We report here the comparative genomic analysis of the complete genomes of three strains of E. ruminantium: the Gardel strain (referred to here as Erga), a Welgevonden strain (referred to here as Erwe), and the recently sequenced South African Welgevonden strain (22) (referred to here as Erwo), from which Erwe originates. The Welgevonden genotype is infective and pathogenic to mice, whereas Erga is not. Erga illustrates the separation of the Gardel and Welgevonden genotypes before or at the time of the introduction of E. ruminantium in the Caribbean, whereas Erwe represents evolution from the Erwo strain through 14 passages in a different cell environment. Comparative genomic analysis of these three strains therefore allows for the analysis of genome evolution at different time scales. We first report strong gene order conservation between the Ehrlichia and Anaplasma marginale genomes. We also report the occurrence of differential protein-encoding sequence (CDS) truncations and the presence of several strain-specific genes. A detailed gene-to-gene alignment of the three genomes also allows for assessment of mutational pressure. Finally, we report the description of a process of genome contraction/expansion targeted at tandem repeats in noncoding regions and based on the addition or removal of ca. 150-bp tandem units. This process is specific to E. ruminantium and is not observed in the other Rickettsiales (including A. marginale).


Bacterial strains and growth conditions.

Strain Gardel of E. ruminantium (Erga) was isolated on the island of Guadeloupe in 1982 from a goat injected with a homogenate of a female Amblyomma variegatum tick collected from cows (64). E. ruminantium was multiplied successively in bovine umbilical endothelial cells and in bovine aorta endothelial cells grown in Glasgow minimal essential medium complemented with fetal calf serum, tryptose-phosphate broth, and antibiotics (13) at 37°C, 5% CO2, with a weekly passage on fresh cells (41). Strain Welgevonden of E. ruminantium was isolated in South Africa in 1985 from mice injected with individually homogenized, infected, field-collected Amblyomma hebraeum ticks (24). A sample of this Welgevonden strain was received on Guadeloupe island on 25 May 1988 and immediately injected into a naive goat. A blood sample was collected from the infected goat after hyperthermia and confirmation of infection and was used to inoculate a cell culture. A total of 13 additional successive passages were performed over 18 years. Passages 11 to 14 were used to provide DNA for cloning and sequencing. This strain of the Welgevonden genotype was denominated Erwe. The original field-isolated Welgevonden strain was maintained in South Africa, where its genome was recently sequenced (22). This Welgevonden stain is referred to as Erwo. DNA was extracted from Erga and Erwe as described below.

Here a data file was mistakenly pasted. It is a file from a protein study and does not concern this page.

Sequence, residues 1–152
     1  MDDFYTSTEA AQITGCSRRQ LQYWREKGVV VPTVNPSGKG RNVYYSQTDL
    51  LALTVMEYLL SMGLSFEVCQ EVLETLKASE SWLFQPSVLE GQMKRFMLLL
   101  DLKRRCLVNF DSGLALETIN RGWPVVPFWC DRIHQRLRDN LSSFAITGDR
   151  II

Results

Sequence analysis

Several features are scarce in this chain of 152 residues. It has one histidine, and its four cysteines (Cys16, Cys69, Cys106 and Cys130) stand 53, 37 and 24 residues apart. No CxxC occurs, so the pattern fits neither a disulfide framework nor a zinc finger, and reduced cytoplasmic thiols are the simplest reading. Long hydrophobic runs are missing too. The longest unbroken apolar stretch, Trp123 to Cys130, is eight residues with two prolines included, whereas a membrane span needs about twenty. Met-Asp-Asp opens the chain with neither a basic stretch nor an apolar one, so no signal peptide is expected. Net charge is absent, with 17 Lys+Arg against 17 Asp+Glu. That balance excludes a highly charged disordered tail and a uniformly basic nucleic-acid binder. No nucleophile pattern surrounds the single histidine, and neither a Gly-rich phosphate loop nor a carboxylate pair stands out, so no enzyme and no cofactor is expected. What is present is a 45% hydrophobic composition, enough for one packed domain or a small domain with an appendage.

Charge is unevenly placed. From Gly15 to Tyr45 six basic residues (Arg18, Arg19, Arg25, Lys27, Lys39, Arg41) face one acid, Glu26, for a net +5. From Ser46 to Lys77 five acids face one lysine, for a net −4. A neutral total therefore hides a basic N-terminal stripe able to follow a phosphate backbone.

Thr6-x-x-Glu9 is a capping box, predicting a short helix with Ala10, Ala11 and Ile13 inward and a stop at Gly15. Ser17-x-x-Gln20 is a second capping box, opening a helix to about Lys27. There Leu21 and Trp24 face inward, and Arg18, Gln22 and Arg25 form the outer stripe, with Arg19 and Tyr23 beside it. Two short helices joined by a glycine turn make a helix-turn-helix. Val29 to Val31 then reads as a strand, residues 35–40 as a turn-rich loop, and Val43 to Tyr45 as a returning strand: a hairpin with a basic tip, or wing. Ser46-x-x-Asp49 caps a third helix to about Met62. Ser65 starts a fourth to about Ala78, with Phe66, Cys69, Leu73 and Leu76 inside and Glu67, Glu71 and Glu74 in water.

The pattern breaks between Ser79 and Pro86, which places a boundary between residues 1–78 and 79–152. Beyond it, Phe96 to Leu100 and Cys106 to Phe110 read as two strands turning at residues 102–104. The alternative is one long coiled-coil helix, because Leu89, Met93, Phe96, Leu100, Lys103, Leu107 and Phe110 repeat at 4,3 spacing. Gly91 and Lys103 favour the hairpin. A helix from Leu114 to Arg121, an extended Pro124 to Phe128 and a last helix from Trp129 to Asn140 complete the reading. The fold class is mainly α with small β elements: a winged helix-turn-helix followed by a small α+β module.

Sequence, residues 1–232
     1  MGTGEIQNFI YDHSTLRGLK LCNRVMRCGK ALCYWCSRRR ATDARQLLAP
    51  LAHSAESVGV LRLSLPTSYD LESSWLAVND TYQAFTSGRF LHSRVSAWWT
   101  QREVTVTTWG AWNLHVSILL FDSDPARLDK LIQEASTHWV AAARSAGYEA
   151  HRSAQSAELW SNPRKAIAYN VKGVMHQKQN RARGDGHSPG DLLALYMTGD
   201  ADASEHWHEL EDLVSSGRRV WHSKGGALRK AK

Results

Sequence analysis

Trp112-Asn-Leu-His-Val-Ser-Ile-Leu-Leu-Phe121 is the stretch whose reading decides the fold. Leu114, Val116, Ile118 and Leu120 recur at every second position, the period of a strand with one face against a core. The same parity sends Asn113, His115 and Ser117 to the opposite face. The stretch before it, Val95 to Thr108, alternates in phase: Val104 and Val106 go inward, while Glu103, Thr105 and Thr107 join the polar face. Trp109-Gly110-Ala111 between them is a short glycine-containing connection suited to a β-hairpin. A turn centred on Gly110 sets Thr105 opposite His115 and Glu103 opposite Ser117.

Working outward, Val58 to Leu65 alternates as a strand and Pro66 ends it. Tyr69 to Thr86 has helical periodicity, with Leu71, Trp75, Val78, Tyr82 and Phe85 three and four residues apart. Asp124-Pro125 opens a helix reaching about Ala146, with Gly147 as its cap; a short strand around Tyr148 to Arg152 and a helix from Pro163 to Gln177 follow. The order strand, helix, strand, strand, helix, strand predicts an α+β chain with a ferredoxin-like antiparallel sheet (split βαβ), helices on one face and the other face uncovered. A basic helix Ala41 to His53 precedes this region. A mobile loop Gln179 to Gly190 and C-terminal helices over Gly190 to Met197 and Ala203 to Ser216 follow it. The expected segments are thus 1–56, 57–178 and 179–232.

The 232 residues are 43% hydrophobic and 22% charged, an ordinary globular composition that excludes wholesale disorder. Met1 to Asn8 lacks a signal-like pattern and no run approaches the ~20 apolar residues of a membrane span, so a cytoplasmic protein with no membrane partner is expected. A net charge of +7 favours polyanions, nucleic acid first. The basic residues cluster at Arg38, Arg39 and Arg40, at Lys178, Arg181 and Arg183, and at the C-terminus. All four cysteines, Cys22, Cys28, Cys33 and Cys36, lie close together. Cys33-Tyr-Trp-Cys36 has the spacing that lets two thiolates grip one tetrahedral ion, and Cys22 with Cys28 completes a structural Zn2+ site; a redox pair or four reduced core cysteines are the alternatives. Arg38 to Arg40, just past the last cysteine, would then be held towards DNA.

DNA extraction, cloning, and sequencing.

Elementary bodies were purified from culture supernatant, as previously described (40), resuspended in 350 μl of phosphate-buffered saline containing 0.36 μg/ml of DNase to remove contaminating host cell DNA, and incubated for 90 min at 37°C prior to the addition of 25 mM EDTA (41). Extraction of DNA from elementary bodies was done as previously described (54). Contamination with host DNA was checked by dot blot hybridization using bovine DNA as a positive control and probe. Purified DNA was broken by sonication to generate fragments of differing sizes. After filling of the ends with Klenow polymerase, DNA fragments ranging from 0.5 kb to 4 kb were separated in a 0.8% agarose gel and collected after Gelase (Epicenter) digestion of a cut-out agarose band. Blunt-end fragments were inserted into pBluescript II KS (Stratagene) digested with EcoRV and dephosphorylated. Ligation was performed with the Fast-Link DNA ligation kit (Epicenter), and competent Escherichia coli DH10B cells were transformed prior to colony isolation on LB agar-ampicillin-X-Gal (5-bromo-4-chloro-3-indolyl-β-d-galactopyranoside)-IPTG (isopropyl-β-d-thiogalactopyranoside). About 15,000 clones were isolated for both Erga and Erwe. Inserts were sequenced on both strands with universal forward and reverse M13 primers and the ET DYEnamic terminator kit (Amersham). Sequences were obtained with ABI 373 and ABI 377 automated sequencers (Applied Biosystems). Data were analyzed and contigs were assembled by the Phred-Phrap and Consed software packages (http://www.genome.washington.edu). Gaps were filled in through primer-directed sequencing with custom-made primers. A total of about 20,000 raw sequence runs were generated and analyzed for each E. ruminantium strain to generate a full-length consensus sequence with 7× coverage. Sequences of all mutated CDSs were extensively checked to eliminate the possibility of sequencing errors.